Listen to article
Japan’s Princess Mako married her university sweetheart on Tuesday, but it was a low-key union bereft of traditional rituals, with the couple voicing sadness over the controversy that haunted their engagement.
Under the rules of the imperial family, Emperor Naruhito’s 30-year-old niece Mako gave up her royal title as she wed Kei Komuro, who is the same age and works for a US law firm.
‘To me, Kei is irreplaceable. Our marriage is a necessary step for us to be able to protect our hearts,’ she told reporters after the marriage was registered.
‘I have been scared, feeling sadness and pain whenever one-sided rumours turn into groundless stories,’ she added as the newlyweds read out rehearsed statements in a soberly decorated hotel function room.
Since announcing their engagement in 2017, the couple has faced tabloid scandals and vicious online sniping over allegations that Komuro’s family had run into financial difficulties.
After much delay, they finally tied the knot with no wedding ceremony, reception banquet or any of the usual rites — opting to do so privately, away from a public that has not always been kind.
Mako also turned down a large payment usually offered to royal women on their departure, reportedly up to 153 million yen ($1.35 million), and they are now said to be planning a move to the United States.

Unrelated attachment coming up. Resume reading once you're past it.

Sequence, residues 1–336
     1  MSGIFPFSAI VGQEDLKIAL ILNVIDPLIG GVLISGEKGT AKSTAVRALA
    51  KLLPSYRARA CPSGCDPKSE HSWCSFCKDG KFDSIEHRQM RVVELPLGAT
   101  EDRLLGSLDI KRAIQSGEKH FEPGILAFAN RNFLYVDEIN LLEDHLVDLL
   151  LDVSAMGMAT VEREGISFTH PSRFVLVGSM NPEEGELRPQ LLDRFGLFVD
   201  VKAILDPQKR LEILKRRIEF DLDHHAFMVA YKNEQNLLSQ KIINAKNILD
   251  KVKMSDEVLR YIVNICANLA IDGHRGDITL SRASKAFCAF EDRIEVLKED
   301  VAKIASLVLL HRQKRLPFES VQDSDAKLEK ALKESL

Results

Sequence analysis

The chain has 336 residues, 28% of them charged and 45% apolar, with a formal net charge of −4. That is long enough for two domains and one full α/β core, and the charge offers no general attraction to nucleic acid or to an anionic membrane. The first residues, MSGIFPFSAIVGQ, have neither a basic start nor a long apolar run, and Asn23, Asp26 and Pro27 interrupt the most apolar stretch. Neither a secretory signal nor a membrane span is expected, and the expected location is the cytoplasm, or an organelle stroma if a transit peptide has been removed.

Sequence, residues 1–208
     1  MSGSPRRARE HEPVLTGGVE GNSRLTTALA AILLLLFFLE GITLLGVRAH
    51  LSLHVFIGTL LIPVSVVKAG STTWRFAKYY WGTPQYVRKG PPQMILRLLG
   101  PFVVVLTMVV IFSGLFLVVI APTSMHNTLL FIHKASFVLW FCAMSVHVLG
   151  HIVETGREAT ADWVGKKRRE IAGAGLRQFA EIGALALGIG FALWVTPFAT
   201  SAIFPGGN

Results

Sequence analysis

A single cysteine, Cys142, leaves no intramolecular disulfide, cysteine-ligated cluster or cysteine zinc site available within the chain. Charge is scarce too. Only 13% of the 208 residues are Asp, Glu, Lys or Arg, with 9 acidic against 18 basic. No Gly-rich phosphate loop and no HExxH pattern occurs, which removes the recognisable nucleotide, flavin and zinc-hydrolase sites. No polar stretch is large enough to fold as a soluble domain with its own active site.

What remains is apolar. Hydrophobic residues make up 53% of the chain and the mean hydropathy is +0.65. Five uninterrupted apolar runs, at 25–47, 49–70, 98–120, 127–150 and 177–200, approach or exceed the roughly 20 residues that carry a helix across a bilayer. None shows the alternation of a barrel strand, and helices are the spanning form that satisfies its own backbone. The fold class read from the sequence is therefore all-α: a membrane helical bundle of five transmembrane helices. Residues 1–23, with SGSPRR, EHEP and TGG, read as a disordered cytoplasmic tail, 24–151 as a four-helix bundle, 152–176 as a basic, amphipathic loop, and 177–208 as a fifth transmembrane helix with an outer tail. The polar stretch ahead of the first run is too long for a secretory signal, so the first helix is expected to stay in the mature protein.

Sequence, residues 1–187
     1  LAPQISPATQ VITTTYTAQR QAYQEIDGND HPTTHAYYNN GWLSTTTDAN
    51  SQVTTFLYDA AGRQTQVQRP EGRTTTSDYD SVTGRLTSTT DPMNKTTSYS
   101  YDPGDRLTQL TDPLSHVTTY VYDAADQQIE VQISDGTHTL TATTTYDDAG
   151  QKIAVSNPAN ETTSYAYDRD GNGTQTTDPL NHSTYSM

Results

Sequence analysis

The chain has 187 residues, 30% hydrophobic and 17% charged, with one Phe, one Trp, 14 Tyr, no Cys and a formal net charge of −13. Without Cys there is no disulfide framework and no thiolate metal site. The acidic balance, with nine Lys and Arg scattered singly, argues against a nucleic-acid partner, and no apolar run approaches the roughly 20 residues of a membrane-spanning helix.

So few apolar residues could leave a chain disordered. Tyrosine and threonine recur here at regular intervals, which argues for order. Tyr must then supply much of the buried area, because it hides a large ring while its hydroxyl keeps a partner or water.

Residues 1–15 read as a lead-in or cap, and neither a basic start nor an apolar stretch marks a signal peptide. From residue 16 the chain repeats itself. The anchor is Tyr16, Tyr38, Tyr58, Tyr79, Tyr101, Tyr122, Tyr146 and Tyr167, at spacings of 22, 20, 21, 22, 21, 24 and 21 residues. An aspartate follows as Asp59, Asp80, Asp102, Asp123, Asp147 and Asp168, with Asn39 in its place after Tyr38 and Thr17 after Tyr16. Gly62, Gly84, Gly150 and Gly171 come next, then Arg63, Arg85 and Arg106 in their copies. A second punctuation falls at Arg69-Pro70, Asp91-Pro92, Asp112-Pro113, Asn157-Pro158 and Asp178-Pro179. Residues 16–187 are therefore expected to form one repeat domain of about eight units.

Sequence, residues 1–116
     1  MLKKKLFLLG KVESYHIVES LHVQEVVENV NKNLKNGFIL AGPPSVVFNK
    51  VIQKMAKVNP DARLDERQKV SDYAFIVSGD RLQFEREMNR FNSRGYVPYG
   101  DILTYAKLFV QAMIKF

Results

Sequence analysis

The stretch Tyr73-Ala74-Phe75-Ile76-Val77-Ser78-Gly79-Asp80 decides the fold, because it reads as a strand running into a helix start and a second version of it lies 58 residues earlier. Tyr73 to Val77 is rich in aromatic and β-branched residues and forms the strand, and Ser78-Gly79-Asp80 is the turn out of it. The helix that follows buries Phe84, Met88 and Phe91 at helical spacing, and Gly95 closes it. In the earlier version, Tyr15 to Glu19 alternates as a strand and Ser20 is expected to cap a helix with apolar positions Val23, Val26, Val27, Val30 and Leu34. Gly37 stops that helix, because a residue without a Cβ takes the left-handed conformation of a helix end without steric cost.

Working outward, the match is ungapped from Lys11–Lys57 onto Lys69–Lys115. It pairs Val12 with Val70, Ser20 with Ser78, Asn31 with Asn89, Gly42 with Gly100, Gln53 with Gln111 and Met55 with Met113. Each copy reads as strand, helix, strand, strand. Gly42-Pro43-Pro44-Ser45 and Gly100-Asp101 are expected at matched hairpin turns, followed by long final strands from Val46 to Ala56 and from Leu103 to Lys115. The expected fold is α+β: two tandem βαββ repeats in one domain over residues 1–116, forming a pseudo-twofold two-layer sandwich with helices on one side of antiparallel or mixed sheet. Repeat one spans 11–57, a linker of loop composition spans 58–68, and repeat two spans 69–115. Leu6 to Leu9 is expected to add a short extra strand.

Royals are held to exacting standards in Japan, and Mako has developed complex Post-Traumatic Stress Disorder because of the media attention, according to the Imperial Household Agency.
‘I love Mako. We only get one life, and I want us to spend it with the one we love,’ Komuro said.
‘I feel very sad that Mako has been in a bad condition, mentally and physically, because of the false accusations.’
The couple did not answer questions from reporters verbally, to make the experience less stressful for Mako, the household said.
But in a document given to reporters, she said her condition was “not good”.
Women in the imperial family cannot ascend the Chrysanthemum Throne, and lose their royal status when they marry a commoner.
AFRICA DAILY NEWS, NEW YORK